Rep. Peter King: Holder May Be Guilty of Perjury

Tuesday, 28 May 2013 05:26 PM

By Jim Meyers

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Rep. Peter King says Attorney General Eric Holder's initial denial of involvement in the targeting of Fox News reporter James Rosen "could be perjury."

In an wide-ranging interview Tuesday with Newsmax TV's "The Steve Malzberg Show,"  King also discussed:
  • President Barack Obama's "moralizing" speech on the closing of Guantanamo Bay, saying the terror threat is more dangerous now than on 9/11;
  • The Obama administration's need to exercise "extreme caution" in evaluating the possible sale of Sprint Nextel Corp. to a foreign company.
King, a Republican from New York, was highly critical of Holder, who previously said he would never be part of targeting a reporter and didn't think it was good policy when he actually approved a search warrant on James Rosen.

The House Judiciary Committee reportedly is looking into whether he perjured himself in steadfastly denying a role in the Rosen subpoena when he OK'd the seizure of the Fox reporter's phone records.

Urgent: Is Obama Telling the Truth on IRS, Benghazi Scandals?

King comments: "To me, on its face, that certainly could be perjury. And the reason I'm saying 'could be' — I know there's always precise standards to meet — that certainly warrants a full investigation as to whether or not perjury was committed there. There've been other people over the years indicted for perjury or tried for perjury on a lot less evidence than that."

Story continues below video.




King insists that the closing of Gitmo can fuel more terror acts against the United States.

"In many ways, the terror threat is more dangerous now than it was on Sept. 11, 2001, and for the president to be saying what he did last Thursday — somehow we can declare victory in this or we can phase it down — in many ways it's more dangerous.

"What we saw in Boston we've seen in London, we've seen in Paris; that is the face of al-Qaida. That is the face of Islamic jihad. [We need to] face up to it and realize that's going to be here for a long time, until we stop it, until we make sure that we have the strongest possible defenses and we're going on offense. We have to go out in front, we have to be preemptive, we have to stop them before they get to us."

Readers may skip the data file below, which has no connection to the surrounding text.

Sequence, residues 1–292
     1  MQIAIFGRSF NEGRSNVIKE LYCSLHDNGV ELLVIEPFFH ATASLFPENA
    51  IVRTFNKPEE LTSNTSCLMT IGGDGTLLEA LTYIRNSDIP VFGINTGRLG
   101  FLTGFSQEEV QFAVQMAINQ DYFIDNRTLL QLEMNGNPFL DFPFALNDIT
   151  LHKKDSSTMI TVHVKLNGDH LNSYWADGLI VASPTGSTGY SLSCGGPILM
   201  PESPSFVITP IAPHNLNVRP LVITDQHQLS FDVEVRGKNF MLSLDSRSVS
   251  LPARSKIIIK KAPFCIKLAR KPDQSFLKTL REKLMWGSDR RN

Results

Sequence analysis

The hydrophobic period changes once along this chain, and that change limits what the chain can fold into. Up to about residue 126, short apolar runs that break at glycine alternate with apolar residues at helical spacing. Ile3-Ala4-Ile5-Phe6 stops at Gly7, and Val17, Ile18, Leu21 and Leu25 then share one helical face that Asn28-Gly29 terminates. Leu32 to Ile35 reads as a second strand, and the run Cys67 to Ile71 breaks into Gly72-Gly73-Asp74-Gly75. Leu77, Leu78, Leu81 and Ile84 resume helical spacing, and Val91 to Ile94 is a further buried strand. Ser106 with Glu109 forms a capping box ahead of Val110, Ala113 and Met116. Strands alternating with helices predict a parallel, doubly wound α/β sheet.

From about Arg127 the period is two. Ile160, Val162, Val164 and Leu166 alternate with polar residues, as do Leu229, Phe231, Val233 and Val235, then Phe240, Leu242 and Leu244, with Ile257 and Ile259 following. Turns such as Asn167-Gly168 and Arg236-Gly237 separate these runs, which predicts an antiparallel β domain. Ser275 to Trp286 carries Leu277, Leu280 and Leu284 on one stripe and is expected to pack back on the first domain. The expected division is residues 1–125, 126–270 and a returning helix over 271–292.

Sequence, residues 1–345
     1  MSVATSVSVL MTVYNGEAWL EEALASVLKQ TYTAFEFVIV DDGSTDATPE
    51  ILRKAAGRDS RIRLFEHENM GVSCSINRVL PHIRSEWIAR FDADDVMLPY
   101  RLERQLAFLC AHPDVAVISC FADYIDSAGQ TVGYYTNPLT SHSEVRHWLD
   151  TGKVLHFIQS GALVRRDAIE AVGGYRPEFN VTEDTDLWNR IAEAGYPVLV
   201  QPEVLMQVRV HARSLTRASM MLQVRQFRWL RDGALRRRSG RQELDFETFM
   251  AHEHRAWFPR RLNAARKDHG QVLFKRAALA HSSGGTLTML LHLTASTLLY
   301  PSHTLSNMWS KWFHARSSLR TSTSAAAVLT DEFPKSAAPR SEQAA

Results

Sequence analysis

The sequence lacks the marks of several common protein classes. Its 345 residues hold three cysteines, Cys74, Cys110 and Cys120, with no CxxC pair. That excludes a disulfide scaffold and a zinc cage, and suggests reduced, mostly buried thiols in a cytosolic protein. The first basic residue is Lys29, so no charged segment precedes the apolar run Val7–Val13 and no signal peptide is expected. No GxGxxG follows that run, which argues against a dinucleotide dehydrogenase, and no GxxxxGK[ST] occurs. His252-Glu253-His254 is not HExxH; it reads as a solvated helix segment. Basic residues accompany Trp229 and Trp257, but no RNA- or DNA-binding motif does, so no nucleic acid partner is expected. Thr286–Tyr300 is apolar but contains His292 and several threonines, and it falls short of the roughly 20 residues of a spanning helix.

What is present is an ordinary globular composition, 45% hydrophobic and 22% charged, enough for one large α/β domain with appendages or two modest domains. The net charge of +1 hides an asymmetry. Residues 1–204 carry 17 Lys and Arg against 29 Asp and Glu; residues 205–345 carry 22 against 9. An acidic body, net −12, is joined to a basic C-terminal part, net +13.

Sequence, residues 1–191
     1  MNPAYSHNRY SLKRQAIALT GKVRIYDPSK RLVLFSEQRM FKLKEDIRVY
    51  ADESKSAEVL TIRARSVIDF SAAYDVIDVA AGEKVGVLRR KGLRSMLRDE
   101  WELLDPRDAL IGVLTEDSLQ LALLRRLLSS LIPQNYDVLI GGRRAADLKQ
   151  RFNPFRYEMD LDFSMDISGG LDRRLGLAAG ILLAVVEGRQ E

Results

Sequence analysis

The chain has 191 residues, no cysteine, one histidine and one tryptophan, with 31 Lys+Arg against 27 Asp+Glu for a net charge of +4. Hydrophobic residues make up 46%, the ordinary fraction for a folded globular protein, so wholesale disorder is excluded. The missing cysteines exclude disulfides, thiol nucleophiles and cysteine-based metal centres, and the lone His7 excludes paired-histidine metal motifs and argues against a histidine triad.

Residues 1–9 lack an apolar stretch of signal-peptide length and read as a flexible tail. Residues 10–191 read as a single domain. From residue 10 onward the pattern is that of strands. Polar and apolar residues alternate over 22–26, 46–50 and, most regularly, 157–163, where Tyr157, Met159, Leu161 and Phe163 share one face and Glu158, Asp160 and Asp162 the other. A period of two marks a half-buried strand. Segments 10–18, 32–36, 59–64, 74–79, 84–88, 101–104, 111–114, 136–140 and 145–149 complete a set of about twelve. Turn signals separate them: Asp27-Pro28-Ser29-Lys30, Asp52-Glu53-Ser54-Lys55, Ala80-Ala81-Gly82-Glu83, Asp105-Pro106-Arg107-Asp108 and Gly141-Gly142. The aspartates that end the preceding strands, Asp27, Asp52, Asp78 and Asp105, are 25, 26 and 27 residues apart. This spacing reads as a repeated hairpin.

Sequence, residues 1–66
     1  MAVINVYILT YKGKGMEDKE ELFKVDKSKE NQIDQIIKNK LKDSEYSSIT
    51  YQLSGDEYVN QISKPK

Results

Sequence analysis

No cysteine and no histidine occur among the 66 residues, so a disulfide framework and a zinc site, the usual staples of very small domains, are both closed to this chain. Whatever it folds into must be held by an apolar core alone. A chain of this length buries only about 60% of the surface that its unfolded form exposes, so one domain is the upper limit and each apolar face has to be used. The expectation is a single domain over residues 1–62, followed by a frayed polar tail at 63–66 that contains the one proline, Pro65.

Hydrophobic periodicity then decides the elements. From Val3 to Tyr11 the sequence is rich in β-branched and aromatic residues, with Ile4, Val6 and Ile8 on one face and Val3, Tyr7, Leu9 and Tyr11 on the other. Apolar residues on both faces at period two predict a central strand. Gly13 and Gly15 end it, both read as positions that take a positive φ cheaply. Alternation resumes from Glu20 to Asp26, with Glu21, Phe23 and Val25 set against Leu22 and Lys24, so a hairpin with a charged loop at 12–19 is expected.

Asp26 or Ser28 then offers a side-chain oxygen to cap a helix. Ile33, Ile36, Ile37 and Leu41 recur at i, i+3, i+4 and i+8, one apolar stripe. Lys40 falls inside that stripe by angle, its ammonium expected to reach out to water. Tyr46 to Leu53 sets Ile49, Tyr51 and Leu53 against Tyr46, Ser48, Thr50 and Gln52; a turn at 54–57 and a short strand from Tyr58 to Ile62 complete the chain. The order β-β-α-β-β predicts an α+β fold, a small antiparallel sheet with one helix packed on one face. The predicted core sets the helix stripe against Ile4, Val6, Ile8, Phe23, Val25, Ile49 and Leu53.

Obama in his speech said the Muslim community is cooperative and wants to help. King doesn't entirely agree.

"The overwhelming majority of Muslims are good Americans. The fact is we've had case after case where there are plots coming from within the Muslim community where we have not gotten the assistance from the Muslim community," he says.

Urgent: Is Obama Telling the Truth on IRS, Benghazi Scandals?

"For instance, it's my understanding, and this is what I've been told by law enforcement people, that when the picture of the two jihadists in Boston was put up, not one person in the mosque in Boston came forward to identify them. It's impossible to believe with the whole world knowing about what happened, the whole world looking at those faces, that not one person in that mosque recognized either one of those brothers.

"It's the reason why police and law enforcement have to use so many undercovers, why they have to penetrate into the community, because we are not getting the level of cooperation that we should be getting."

Finally, King said he is skeptical that a foreign company should own the third-largest cellphone provider in America. The Japanese conglomerate SoftBank Corp. announced in October that it was seeking approval from the United States for a $20 billion purchase of a 70 percent stake in Sprint.

SoftBank's bid has raised concerns due to the firm's close financial ties to the Chinese telecom company Huawei. In October 2012, the House Intelligence Committee, after an 11-month investigation, concluded that Huawei posed a major cybersecurity threat to U.S. intellectual property.

Last month Dish Network, an Englewood, Colo.-based satellite TV company, challenged SoftBank's bid for Sprint, offering $25.5 billion for the entire company.

Asked if the administration should use "extreme caution" in this matter in light of the cyber-warfare threat, King responds: "Absolutely. There's no doubt at all.

"This is a new form of warfare. It's a warfare that we have to accept. We have to accept that it's there and then go after it.

"What's going to happen in this particular case I can't say, but I can say we cannot allow corporate profits to come first. We have to make sure our national security, our homeland security is there and we have to do all we can to make sure that we are protecting our people against this type of cyberinvasion."


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